It is purported that natural disasters cost the US, alone, $306 billion in 2017. There is no denying the fact that humanitarian assistance and disaster response (HADR) is an industry. Few understand the full scope of this, or like to associate the word “business” with humanitarian operations, but whether an NGO, a Federal agency, or a contractor, disaster response is big time business.
The response ecosystem, as it stands today, is predominantly predicated on a reactionary recovery model where resources, infrastructure and funds are allocated to “response” efforts. The approach, in addition to being reactionary based instead of proactive, is also very top-down vs. bottom up. While the conversation, and focus is shifting to place more emphasis on proactive readiness and local capacity building, it will be years before bureaucracies, ingrained institutional culture and operating norms allows the HADR community to adapt, modernize and meet current demands effectively.
Ricardo Montes powered his cigar rolling studio in the mountains with a car battery to have cigars to sell to support his family and community in the immediate aftermath of Maria.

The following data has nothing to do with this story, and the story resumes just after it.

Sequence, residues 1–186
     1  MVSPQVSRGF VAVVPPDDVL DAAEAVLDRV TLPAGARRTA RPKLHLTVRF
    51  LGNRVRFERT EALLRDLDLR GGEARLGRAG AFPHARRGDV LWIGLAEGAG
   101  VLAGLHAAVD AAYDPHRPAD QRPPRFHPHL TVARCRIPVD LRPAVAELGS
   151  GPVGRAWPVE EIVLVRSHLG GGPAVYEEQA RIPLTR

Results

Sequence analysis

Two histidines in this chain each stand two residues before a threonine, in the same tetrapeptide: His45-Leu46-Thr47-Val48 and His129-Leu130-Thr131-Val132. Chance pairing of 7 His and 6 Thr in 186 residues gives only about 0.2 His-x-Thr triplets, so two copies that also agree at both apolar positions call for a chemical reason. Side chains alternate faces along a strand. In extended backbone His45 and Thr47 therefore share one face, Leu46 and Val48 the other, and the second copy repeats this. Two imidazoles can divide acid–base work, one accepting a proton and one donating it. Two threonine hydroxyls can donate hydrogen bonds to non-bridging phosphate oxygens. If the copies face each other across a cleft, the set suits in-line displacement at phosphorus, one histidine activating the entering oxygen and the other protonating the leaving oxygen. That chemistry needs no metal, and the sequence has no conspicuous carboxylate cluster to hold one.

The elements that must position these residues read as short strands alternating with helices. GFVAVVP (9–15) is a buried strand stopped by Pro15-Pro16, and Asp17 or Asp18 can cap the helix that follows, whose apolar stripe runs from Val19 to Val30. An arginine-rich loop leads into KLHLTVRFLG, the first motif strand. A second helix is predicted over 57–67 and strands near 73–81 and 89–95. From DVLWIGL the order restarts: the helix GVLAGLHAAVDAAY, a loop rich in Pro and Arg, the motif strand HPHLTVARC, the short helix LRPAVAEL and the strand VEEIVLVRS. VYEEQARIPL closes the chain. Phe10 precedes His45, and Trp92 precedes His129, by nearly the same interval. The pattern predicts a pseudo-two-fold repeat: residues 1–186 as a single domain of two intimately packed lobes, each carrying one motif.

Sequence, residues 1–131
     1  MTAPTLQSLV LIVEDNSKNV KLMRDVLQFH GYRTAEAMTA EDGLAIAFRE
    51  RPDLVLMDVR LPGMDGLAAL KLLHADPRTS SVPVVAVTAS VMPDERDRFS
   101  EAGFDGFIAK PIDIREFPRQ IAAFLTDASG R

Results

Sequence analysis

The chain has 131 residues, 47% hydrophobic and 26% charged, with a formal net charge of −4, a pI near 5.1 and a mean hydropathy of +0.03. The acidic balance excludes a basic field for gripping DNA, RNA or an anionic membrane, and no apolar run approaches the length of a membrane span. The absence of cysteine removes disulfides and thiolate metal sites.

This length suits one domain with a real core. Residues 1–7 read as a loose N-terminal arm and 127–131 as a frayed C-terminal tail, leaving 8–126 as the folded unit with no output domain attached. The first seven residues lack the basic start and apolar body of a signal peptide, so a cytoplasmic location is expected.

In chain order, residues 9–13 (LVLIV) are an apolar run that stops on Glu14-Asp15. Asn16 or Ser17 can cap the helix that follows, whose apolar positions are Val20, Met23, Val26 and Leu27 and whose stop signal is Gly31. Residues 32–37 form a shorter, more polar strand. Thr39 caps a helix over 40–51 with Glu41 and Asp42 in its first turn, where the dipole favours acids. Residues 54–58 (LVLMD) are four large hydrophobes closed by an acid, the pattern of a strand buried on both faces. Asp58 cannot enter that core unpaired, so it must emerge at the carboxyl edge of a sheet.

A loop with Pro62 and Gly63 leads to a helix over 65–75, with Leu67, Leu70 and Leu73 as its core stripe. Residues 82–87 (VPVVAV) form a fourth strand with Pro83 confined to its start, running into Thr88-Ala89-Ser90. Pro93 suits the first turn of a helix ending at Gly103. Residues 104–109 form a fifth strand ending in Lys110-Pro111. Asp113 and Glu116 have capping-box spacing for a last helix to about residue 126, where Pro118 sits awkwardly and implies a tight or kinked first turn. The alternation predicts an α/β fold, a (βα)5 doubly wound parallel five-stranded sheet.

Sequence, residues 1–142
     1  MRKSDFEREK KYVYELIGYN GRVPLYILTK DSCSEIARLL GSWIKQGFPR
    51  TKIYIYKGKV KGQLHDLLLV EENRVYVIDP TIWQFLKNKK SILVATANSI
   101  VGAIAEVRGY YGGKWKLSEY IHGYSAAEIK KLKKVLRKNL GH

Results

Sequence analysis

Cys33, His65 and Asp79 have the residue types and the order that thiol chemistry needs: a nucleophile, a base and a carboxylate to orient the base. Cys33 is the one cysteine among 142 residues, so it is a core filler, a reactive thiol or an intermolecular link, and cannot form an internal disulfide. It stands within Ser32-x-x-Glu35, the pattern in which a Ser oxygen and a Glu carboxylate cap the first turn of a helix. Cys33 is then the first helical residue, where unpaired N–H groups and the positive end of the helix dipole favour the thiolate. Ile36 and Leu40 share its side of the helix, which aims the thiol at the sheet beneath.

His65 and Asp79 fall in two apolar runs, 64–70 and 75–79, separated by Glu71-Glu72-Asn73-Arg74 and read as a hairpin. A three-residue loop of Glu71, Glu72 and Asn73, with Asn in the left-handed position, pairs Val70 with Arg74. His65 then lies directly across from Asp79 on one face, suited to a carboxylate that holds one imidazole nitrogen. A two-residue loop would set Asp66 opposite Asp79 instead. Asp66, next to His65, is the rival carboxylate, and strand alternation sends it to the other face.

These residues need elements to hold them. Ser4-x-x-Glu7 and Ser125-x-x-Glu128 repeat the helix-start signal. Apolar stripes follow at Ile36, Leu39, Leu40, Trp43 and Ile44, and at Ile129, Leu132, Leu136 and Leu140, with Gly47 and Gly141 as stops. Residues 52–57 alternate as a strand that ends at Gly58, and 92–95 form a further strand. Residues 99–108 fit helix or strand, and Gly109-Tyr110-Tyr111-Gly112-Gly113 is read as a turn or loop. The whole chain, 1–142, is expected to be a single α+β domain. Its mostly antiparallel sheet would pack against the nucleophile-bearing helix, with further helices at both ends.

With the widely touted statistic that for every $1 spent on proactive emergency readiness measures $6 are saved on relief and recovery spend, it is clear that a new market opportunity is presenting itself. Disaster prevention and proactive readiness should pique the interest of the entire ecosystem. From insurance companies to local municipalities, small businesses, NGOs and entrepreneurs, making communities “ready” is now a quantifiable proposition.
There is no question that “disaster capitalism” is a reality that is often exploitative and inequitable in nature. But, it is not as black and white and or as linear as seminal authors in the space like Naomi Klein make it out to be in works including The Shock Doctrine and The Battle for Paradise.